Piece of advice No. 1: keep your cool and don’t let rip in the open-space office. This doesn’t mean you have to brood on it forever before trying to change the situation.

Piece of advice No. 2: put up with it and protect yourself. In a world where people are apt to let their feelings run away with them, a little stoicism can be a good thing. Yes, Michel’s a pr*t; yes, Julie’s a b*tch; but what matters above all is that you carry on doing a good job.

Everyone has their own technique: some people adopt an air of detachment, others pretend they don’t know. In all cases, protect yourself against this pest of a colleague and concentrate on your personal goals at the company.

Identify the cause of the problem

How did it ever come to this? What are the human or material factors that caused this relationship fail? First of all: it takes two to disagree. And as they say, we’re all an irritation to someone, so how about having a talk with yourself?

Very often, what we dislike the most in other people are our own weaknesses and faults. This isn’t to say that your colleague is blameless, but that in some cases there may be blame on both sides.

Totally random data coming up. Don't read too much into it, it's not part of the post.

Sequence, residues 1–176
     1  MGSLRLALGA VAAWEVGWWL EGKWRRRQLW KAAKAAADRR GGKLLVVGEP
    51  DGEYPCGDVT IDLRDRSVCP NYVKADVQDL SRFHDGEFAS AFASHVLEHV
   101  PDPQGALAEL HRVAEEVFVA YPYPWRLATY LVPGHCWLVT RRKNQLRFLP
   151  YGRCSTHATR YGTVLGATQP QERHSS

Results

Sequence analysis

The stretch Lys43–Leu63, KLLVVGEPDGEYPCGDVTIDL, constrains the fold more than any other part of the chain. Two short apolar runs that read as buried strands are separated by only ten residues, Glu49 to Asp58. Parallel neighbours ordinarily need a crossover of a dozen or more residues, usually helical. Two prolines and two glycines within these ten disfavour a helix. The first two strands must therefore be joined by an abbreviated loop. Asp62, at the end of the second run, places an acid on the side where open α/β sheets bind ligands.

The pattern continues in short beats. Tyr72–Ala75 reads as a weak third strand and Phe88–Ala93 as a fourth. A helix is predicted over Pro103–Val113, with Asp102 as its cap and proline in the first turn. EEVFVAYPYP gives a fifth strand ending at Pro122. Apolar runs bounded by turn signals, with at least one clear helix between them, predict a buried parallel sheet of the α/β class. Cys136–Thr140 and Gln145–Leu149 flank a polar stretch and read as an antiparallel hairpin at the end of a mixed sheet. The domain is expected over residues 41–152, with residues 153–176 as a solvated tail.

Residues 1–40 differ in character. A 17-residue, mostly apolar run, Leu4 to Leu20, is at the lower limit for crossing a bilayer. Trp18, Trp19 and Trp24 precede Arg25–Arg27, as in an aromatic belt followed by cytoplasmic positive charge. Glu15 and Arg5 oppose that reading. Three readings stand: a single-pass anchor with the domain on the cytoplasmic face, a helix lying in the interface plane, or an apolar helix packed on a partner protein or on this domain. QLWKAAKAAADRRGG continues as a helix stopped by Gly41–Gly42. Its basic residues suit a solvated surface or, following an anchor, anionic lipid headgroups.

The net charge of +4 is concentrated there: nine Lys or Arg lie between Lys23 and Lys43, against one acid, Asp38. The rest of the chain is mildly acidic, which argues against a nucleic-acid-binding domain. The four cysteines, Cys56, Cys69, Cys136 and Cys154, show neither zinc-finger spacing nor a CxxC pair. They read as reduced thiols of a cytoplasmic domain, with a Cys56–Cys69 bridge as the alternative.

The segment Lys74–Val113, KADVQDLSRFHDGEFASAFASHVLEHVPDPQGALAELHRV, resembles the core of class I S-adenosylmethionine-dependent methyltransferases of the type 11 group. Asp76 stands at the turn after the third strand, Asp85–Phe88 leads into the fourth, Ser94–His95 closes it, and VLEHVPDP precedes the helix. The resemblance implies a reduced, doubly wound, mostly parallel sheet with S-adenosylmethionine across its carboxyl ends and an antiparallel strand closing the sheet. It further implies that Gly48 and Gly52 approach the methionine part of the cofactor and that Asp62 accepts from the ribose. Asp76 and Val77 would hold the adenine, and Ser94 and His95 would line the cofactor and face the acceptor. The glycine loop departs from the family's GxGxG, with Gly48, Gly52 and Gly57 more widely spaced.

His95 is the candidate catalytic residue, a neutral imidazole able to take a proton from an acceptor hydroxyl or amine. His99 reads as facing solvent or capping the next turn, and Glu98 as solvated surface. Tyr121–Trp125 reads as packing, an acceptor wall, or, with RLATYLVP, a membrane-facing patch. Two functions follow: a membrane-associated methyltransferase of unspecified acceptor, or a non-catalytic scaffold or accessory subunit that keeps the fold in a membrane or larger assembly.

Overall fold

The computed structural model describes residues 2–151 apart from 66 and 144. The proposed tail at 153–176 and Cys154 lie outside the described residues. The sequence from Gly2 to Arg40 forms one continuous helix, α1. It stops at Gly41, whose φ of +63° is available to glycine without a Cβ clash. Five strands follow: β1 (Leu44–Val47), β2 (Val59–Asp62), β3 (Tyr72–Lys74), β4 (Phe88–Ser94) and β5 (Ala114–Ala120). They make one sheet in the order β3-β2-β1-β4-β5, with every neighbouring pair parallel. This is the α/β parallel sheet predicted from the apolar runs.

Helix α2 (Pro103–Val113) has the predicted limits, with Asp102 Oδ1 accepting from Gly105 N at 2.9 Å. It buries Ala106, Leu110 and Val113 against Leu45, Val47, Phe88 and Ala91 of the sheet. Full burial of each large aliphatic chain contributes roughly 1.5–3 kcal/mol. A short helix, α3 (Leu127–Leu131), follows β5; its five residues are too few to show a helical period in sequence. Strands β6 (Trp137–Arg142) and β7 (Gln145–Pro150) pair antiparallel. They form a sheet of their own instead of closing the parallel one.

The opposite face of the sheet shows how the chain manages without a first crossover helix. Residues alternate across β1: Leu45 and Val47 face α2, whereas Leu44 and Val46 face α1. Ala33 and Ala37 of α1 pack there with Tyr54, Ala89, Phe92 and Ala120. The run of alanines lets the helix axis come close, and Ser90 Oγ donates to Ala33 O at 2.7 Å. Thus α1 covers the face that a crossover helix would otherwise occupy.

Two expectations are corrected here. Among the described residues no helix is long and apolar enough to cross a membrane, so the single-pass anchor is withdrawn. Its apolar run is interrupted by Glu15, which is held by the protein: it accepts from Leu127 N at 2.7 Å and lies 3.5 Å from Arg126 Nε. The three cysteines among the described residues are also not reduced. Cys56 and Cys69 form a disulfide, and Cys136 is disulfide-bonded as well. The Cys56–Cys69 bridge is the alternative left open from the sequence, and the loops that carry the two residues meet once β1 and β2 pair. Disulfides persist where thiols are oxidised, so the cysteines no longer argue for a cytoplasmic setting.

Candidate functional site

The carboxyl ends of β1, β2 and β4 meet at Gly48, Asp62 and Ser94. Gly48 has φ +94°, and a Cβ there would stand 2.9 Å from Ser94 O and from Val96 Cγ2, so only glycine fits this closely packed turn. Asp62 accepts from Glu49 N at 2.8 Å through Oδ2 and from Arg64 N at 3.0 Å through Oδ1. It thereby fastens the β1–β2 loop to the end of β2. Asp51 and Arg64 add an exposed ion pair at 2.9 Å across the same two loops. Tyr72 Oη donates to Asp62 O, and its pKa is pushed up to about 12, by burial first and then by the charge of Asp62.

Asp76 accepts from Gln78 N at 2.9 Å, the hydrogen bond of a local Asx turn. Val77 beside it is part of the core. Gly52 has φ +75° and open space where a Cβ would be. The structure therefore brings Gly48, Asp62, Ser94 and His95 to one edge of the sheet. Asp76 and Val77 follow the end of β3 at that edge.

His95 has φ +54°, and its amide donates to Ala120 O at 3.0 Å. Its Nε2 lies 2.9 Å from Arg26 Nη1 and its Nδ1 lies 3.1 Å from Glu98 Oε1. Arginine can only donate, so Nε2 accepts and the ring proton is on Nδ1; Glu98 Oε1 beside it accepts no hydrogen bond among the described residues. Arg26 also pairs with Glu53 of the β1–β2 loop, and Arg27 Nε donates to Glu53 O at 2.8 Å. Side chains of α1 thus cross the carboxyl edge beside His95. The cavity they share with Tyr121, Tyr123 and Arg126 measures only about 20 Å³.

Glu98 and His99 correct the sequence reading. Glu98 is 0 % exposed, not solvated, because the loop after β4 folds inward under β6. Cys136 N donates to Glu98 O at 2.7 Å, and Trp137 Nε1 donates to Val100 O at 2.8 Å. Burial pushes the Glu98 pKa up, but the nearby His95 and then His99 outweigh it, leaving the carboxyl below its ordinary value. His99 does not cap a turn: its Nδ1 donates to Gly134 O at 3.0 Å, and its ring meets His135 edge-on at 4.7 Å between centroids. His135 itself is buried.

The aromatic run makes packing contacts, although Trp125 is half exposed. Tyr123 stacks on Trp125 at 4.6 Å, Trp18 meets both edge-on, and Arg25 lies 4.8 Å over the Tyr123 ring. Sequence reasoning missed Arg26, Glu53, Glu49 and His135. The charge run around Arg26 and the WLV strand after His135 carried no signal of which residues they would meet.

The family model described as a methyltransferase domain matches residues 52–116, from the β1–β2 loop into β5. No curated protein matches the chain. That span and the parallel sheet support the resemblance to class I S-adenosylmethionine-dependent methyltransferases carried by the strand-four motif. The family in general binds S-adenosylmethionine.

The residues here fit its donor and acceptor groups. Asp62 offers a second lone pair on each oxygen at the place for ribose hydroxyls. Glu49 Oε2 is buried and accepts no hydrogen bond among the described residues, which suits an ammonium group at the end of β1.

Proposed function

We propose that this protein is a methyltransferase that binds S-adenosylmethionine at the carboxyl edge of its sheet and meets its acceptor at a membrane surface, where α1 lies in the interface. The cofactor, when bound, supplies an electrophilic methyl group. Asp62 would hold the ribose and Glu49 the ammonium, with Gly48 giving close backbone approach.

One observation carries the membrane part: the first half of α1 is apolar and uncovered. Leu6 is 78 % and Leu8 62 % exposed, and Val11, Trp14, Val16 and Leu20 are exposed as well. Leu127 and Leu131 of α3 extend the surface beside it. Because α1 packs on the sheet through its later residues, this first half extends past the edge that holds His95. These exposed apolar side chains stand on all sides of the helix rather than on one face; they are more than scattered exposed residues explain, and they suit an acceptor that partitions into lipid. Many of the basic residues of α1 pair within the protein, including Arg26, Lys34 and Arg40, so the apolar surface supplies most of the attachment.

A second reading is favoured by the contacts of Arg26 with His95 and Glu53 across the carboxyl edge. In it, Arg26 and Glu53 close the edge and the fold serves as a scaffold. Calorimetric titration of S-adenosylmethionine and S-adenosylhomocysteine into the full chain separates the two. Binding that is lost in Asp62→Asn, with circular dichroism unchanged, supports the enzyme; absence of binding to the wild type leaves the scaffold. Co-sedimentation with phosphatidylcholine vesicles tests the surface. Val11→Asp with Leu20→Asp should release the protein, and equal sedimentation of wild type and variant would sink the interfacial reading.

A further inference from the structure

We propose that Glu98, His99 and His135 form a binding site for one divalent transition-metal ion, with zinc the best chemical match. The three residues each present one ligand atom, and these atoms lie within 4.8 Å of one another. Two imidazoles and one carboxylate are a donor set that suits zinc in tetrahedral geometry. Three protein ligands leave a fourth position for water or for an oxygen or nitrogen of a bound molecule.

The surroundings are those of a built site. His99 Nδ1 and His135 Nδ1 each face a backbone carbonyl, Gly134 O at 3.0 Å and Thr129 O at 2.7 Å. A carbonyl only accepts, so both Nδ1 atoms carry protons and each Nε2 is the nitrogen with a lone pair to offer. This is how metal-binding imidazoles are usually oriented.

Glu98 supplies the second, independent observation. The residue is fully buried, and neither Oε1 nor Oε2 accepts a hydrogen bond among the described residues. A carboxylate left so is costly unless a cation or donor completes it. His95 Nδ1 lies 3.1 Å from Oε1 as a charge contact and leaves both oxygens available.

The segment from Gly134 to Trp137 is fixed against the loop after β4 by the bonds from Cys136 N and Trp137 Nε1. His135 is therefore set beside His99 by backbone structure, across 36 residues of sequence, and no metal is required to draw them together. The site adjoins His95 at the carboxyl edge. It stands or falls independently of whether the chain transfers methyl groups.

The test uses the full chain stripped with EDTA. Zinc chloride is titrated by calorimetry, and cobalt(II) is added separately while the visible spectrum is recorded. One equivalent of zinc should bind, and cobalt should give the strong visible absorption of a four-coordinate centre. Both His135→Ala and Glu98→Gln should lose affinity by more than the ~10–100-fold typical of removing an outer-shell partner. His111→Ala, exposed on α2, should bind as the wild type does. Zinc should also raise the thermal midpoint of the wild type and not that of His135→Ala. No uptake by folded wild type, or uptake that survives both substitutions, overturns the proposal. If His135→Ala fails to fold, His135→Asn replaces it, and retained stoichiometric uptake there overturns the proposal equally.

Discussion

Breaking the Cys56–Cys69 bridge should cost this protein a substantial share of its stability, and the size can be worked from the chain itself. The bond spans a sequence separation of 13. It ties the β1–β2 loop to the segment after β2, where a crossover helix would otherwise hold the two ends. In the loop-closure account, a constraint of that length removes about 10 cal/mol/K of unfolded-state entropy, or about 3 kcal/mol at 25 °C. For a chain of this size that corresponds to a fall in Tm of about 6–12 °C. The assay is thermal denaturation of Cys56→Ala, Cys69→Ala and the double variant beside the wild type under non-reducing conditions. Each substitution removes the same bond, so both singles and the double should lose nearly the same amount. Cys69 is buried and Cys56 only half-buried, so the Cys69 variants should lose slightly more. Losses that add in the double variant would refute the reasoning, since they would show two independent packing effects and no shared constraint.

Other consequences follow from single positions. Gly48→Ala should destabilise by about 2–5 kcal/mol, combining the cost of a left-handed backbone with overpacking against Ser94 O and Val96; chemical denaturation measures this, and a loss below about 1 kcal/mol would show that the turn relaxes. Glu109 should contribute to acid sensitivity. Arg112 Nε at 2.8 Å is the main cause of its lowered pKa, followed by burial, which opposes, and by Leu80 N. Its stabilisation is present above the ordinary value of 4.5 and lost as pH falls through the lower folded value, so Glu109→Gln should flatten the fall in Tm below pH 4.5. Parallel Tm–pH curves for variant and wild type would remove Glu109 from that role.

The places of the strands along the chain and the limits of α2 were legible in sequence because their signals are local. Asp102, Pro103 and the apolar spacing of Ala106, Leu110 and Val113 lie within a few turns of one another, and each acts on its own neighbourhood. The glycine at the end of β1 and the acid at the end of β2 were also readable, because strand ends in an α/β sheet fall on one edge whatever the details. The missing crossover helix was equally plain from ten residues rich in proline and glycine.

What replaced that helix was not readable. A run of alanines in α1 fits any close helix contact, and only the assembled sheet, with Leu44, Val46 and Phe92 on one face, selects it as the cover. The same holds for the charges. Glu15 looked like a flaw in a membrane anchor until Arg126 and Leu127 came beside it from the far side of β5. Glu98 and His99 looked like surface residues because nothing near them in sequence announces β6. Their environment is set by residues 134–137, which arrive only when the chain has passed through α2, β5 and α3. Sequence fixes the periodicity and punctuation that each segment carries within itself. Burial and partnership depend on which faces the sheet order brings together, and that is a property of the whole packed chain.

Piece of advice No. 3: on a quiet Saturday afternoon, take half an hour to write down in simple sentences the main reasons that according to you may explain the situation that’s bothering you so much.

Piece of advice No. 4: make an honest list of what really bothers you about your colleague, boss or intern. Sooner or later, this boil will have to be lanced.

Get to know your colleague all over again

When you hate a colleague, you tend to avoid them, keep meetings short, take your lunch break at another time. Of course, that can bring some relief at first.

Oddly, though, the more you avoid someone, the more difficult the situation gets. Unless they’re insane, the person you hate will obviously realise something’s wrong. Of that you can be sure.